Yep, I'm taking Route V from Hazleton to the river.  Is there a good way to get from Allentown to Philadelphia?  From looking at the map, it looks like my best route is to follow the Lehigh river past Bethlehem, link up with the Delaware river and continue to Philly, where I can go north to meet the Atlantic Coast trail.

Missed this. Hope you simply took Route V to where it ends in Portland, PA. That would have put you on the Atlantic Coast Route. In fact, if you did you joined the Atlantic Coast Route in Delaware Water Gap, PA. Both routes use PA 611 to Portland which, by the way is the birthplace of the guy who rote "All I Want For Christmas is My Two Front Teeth."

Routes / Re: Best Recommended Routes
« on: October 30, 2014, 04:08:57 pm »
If we do an average of approximately 60 miles per day how much time do you predict it can take? (Considering all the stops you suggested! :D)

Thank again!

If you go to the maps section of ACA's web site you can get a rough idea of some of the mileages between certain points on the different ACA routes. For example, you can get the mileage of the TransAm from Yorktown to Missoula from the summaries of Sections 4-12:

Sections 1-2 of the Northern Tier route gets you from Cut Bank, MT to Anacortes, WA, although the mileage from Glacier will be less since it's west of Cut Bank.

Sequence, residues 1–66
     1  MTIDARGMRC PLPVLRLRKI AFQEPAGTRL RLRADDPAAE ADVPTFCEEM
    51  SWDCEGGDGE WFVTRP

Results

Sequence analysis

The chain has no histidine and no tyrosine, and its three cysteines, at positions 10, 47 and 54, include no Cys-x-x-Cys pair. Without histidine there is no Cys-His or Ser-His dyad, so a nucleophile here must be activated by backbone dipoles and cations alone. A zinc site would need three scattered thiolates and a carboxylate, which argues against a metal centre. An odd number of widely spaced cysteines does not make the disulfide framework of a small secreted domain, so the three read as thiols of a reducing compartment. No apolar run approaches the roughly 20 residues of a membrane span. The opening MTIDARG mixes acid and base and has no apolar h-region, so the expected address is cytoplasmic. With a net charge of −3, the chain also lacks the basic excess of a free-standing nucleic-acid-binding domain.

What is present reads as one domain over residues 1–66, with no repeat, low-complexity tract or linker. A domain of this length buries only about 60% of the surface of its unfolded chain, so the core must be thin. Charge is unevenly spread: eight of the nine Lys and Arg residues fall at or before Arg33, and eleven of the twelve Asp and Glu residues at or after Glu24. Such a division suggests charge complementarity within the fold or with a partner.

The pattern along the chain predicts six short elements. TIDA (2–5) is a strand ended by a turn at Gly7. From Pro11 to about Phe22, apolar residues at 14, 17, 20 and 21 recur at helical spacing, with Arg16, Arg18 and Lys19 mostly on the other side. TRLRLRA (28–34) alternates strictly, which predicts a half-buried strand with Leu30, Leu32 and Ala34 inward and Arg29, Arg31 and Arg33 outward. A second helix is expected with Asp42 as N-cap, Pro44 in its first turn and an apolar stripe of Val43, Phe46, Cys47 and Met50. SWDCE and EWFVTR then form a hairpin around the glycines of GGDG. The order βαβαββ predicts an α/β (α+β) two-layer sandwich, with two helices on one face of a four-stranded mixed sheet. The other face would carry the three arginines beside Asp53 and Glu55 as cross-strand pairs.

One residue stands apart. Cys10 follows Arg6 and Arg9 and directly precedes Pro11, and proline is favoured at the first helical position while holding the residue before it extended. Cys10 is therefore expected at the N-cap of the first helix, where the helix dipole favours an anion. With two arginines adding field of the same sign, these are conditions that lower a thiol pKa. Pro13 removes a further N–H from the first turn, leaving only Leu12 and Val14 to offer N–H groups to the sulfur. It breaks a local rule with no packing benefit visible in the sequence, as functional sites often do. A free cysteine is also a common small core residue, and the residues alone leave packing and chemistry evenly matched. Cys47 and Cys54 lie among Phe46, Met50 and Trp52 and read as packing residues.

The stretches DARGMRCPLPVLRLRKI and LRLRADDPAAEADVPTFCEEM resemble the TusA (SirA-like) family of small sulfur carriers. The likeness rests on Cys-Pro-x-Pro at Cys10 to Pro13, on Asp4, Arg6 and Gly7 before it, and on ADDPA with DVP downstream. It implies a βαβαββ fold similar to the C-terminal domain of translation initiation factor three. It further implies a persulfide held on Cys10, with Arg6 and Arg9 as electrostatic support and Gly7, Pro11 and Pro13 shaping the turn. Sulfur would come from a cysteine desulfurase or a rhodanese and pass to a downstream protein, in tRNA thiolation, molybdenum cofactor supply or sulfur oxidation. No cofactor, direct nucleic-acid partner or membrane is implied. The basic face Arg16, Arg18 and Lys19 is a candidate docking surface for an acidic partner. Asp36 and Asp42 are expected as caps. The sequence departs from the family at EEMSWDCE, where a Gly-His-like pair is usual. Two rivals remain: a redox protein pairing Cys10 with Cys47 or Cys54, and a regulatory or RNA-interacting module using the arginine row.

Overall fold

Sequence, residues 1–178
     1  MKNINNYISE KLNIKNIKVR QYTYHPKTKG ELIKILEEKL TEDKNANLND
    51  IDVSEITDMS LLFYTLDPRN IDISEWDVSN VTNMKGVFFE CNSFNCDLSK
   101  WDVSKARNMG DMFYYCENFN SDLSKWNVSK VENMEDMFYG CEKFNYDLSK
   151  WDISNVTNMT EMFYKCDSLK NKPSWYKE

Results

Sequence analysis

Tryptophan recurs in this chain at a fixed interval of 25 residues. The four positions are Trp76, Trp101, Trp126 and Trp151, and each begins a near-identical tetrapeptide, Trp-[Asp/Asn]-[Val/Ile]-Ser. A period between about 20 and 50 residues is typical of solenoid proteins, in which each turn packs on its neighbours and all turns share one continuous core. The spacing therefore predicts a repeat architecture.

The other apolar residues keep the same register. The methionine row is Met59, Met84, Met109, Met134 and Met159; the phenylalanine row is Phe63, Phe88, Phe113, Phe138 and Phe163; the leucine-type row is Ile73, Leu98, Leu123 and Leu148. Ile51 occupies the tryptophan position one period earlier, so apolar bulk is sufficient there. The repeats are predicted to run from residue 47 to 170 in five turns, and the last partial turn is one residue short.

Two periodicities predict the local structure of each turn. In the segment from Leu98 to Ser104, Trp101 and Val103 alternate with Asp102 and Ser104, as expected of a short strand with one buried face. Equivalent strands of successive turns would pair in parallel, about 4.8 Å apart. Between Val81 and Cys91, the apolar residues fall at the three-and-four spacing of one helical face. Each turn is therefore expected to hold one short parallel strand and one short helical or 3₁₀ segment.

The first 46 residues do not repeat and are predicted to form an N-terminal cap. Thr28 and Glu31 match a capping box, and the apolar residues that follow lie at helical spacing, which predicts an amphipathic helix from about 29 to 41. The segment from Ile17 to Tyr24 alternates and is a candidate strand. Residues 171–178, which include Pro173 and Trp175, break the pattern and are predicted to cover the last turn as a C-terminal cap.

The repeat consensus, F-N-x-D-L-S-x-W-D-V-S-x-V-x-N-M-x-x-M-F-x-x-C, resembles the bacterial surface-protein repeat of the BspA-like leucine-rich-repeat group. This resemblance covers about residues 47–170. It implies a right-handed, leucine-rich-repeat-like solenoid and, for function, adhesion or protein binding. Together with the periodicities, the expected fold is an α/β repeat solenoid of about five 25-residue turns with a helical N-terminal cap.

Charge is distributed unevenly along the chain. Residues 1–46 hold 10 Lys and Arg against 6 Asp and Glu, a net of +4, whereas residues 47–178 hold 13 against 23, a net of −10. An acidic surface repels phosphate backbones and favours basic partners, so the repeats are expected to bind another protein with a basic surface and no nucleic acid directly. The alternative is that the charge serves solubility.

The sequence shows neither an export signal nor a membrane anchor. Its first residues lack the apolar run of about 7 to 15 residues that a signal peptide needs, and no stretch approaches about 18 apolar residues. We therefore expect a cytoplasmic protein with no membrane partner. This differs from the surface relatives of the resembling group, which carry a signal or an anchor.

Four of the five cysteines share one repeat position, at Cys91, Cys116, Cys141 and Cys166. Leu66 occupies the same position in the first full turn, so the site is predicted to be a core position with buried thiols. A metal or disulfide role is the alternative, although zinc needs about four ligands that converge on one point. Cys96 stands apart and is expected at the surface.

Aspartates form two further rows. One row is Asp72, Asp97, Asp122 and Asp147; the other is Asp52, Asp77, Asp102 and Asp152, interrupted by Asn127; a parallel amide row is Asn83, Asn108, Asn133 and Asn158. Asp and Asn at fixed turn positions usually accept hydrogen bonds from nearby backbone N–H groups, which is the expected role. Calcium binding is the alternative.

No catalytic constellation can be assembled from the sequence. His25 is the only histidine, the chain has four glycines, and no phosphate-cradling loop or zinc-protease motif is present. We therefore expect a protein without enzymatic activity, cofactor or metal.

Don't forget to factor in rest days and potential short days and/or days off due to bad weather.

General Discussion / Re: Trans Am Trail guidebook
« on: October 30, 2014, 10:17:42 am »
but they charge $200 for a bike to travel, plus then I would have to ship my travel case home or to the finish.

At the risk of sounding like a shill, I enjoyed my experience with They ship your bike via FedEx and have a deal with them. Back in June I used them to ship my large LHT, racks, stove and fule bottle in a CrateWorks plastic case from Philadelpia to Missoula. I didn't have access to a scale so I wildly overestimated the package at 90 lbs. Four day shipping was $73 each way, which included a $5 charge for picking the bike up at a local shop. If you can transport the box to a FedEx/Kinkos location you can avoid that charge. Before I purchased the service I played around on their web site. Had the weight been 70 lbs. the base charge would have been $63. My airline wanted $175 each way. I used the savings to have the bike professionally packed and then reassembled and tuned in Missoula.

As noted, you don't have to use a personal travel case. Have the bike professionally packed in a regular bike box, or do it yourself. Remember that your bike likely travelled half way around the world via boat, train and/or truck to get to the shop in such a box.

General Discussion / Re: leaving May 20 from Willliamsburg
« on: October 27, 2014, 11:13:25 am »
I would say you should be comfortable riding alone or with your own group as there are long periods of time when you are not with anyone, or riding styles differ enough that you don't stay in contact long.

Good point. In addition to timing affecting how many people you run into, things like differing paces, daily schedules and lodging choices can, too. I have had several encounters--both on the road and in camp-- with people heading the same direction on both the Northern Tier and Trans Am routes and I can only think of three instances when I actually rode with someone for any length of time, and those three instances involved the same tandem couple.

Also keep in mind that some people may prefer limited interaction with others. I think it's important to recognize that preference and respect it.